THE CHRISTMAS FAIRY OF STRASBURG
A GERMAN FOLK-TALE
BY J. STIRLING COYNE (ADAPTED)
ONCE, long ago, there lived near the ancient city of
Strasburg, on the river Rhine, a young and handsome count,
whose name was Otto. As the years flew by he remained unwed,
and never so
 much as cast a glance at the fair maidens of the country
round; for this reason people began to call him
It chanced that Count Otto, on one Christmas Eve, ordered
that a great hunt should take place in the forest
surrounding his castle. He and his guests and his many
retainers rode forth, and the chase became more and more
exciting. It led through thickets, and over pathless tracts
of forest, until at length Count Otto found himself
separated from his companions.
He rode on by himself until he came to a spring of clear,
bubbling water, known to the people around as the "Fairy
Well." Here Count Otto dismounted. He bent over the spring
and began to lave his hands in the sparkling tide, but to
his wonder he found that though the weather was cold and
frosty, the water was warm and delightfully caressing. He
felt a glow of joy pass through his veins, and, as he
plunged his hands deeper, he fancied that his right hand was
grasped by another, soft and small, which gently slipped
from his finger the gold ring he always wore. And, lo! when
he drew out his hand, the gold ring was gone.
Full of wonder at this mysterious event, the count mounted
his horse and returned to his castle, resolving in his mind
that the very next day he would have the Fairy Well emptied
by his servants.
 He retired to his room, and, throwing himself just as he was
upon his couch, tried to sleep; but the strangeness of the
adventure kept him restless and wakeful.
Suddenly he heard the hoarse baying of the watch-hounds in
the courtyard, and then the creaking of the drawbridge, as
though it were being lowered. Then came to his ear the
patter of many small feet on the stone staircase, and next
he heard indistinctly the sound of light footsteps in the
chamber adjoining his own.
Count Otto sprang from his couch, and as he did so there
sounded a strain of delicious music, and the door of his
chamber was flung open. Hurrying into the next room, he
found himself in the midst of numberless Fairy beings, clad
in gay and sparkling robes. They paid no heed to him, but
began to dance, and laugh, and sing, to the sound of
In the center of the apartment stood a splendid Christmas
Tree, the first ever seen in that country. Instead of toys
and candles there hung on its lighted boughs diamond stars,
pearl necklaces, bracelets of gold ornamented with colored
jewels, aigrettes of rubies and sapphires, silken belts
embroidered with Oriental pearls, and daggers mounted in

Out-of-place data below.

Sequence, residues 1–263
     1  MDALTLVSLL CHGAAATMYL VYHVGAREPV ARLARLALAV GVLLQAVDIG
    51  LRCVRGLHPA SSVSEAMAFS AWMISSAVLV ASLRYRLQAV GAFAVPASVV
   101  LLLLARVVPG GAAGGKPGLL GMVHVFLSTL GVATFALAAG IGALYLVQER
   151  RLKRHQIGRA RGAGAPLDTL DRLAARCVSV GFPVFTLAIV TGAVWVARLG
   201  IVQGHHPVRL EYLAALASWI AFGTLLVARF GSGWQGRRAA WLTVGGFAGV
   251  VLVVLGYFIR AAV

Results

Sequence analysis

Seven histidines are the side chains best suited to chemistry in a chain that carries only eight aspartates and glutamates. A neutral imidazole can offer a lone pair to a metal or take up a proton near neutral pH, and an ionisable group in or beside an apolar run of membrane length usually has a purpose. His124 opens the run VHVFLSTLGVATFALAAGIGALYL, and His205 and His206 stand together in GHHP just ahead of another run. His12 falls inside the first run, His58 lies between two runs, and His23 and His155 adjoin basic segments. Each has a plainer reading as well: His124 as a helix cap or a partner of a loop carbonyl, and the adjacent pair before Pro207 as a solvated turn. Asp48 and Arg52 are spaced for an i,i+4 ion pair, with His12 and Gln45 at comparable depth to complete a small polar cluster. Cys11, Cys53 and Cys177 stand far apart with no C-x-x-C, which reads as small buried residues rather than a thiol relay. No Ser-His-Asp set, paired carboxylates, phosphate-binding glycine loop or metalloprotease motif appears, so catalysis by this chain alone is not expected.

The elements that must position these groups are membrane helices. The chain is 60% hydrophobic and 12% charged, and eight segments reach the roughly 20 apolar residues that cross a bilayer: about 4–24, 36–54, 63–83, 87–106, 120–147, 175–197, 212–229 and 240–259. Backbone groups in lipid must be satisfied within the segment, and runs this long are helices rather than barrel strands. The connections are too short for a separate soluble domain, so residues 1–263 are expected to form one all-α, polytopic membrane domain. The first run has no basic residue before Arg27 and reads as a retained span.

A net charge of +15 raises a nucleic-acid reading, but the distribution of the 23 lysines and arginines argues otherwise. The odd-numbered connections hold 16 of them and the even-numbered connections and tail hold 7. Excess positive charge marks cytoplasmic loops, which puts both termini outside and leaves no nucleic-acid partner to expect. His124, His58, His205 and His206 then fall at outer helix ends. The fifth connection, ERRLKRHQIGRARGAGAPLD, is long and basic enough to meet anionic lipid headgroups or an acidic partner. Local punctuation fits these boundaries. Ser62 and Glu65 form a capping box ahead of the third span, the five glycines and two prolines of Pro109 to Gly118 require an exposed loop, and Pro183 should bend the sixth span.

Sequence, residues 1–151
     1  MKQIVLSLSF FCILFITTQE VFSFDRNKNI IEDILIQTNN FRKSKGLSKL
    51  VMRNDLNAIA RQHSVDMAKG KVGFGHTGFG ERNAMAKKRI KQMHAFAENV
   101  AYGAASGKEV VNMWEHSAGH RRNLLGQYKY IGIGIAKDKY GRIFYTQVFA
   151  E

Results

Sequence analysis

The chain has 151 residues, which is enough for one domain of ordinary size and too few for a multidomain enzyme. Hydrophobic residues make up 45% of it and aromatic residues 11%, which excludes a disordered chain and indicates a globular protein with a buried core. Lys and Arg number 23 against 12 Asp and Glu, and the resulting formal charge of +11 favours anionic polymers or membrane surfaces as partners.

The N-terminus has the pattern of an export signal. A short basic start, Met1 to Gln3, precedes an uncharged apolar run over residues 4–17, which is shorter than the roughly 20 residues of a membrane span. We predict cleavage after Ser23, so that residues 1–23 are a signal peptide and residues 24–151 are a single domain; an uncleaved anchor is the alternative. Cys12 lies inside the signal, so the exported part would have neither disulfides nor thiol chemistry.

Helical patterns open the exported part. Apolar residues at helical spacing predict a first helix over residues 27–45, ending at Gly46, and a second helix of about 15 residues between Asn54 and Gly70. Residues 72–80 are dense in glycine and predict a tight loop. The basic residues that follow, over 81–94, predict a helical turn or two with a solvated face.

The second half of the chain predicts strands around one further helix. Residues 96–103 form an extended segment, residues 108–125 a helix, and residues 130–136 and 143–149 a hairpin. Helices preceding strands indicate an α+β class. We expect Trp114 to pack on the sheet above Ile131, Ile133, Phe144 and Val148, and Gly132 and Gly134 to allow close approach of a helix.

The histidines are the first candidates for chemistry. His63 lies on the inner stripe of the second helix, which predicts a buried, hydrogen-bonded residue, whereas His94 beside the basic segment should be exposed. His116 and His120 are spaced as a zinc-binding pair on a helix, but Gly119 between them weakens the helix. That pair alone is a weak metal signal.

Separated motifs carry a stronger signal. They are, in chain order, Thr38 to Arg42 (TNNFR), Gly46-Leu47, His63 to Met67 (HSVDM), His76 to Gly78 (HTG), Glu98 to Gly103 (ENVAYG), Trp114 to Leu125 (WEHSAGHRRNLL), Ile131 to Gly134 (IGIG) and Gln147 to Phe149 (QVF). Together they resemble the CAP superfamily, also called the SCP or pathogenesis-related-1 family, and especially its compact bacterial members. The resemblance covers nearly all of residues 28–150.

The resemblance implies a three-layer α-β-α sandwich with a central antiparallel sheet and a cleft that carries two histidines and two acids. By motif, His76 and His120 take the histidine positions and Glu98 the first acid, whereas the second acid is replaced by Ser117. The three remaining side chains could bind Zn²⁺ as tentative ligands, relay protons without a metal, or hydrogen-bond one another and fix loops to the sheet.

gold and studded with the rarest gems. The whole tree
swayed, sparkled, and glittered in the radiance of its many
 Count Otto stood speechless, gazing at all this wonder, when
suddenly the Fairies stopped dancing and fell back, to make
room for a lady of dazzling beauty who came slowly toward
She wore on her raven-black tresses a golden diadem set with
jewels. Her hair flowed down upon a robe of rosy satin and
creamy velvet. She stretched out two small, white hands to
the count and addressed him in sweet, alluring tones:—
"Dear Count Otto," said she, "I come to return your
Christmas visit. I am Ernestine, the Queen of the Fairies. I
bring you something you lost in the Fairy Well."
And as she spoke she drew from her bosom a golden casket,
set with diamonds, and placed it in his hands. He opened it
eagerly and found within his lost gold ring.
Carried away by the wonder of it all, and overcome by an
irresistible impulse, the count pressed the Fairy Ernestine
to his heart, while she, holding him by the hand, drew him
into the magic mazes of the dance. The mysterious music
floated through the room, and the rest of that Fairy company
circled and whirled around the Fairy Queen and Count Otto,
and then gradually dissolved into a mist of many colors,
leaving the count and his beautiful guest alone.
Then the young man, forgetting all his former coldness
toward the maidens of the country
 round about, fell on his knees before the Fairy and besought
her to become his bride. At last she consented on the
condition that he should never speak the word "death" in her
The next day the wedding of Count Otto and Ernestine, Queen
of the Fairies, was celebrated with great pomp and
magnificence, and the two continued to live happily for many
Now it happened on a time, that the count and his Fairy wife
were to hunt in the forest around the castle. The horses
were saddled and bridled, and standing at the door, the
company waited, and the count paced the hall in great
impatience; but still the Fairy Ernestine tarried long in
her chamber. At length she appeared at the door of the hall,
and the count addressed her in anger.
"You have kept us waiting so long," he cried, "that you
would make a good messenger to send for Death!"
Scarcely had he spoken the forbidden and fatal word, when
the Fairy, uttering a wild cry, vanished from his sight. In
vain Count Otto, overwhelmed with grief and remorse,
searched the castle and the Fairy Well, no trace could he
find of his beautiful, lost wife but the imprint of her
delicate hand set in the stone arch above the castle gate.
Years passed by, and the Fairy Ernestine did not return. The
count continued to grieve.
 Every Christmas Eve he set up a lighted tree in the room
where he had first met the Fairy, hoping in vain that she
would return to him.
Time passed and the count died. The castle fell into ruins.
But to this day may be seen above the massive gate, deeply
sunken in the stone arch, the impress of a small and
And such, say the good folk of Strasburg, was the origin of
the Christmas Tree.
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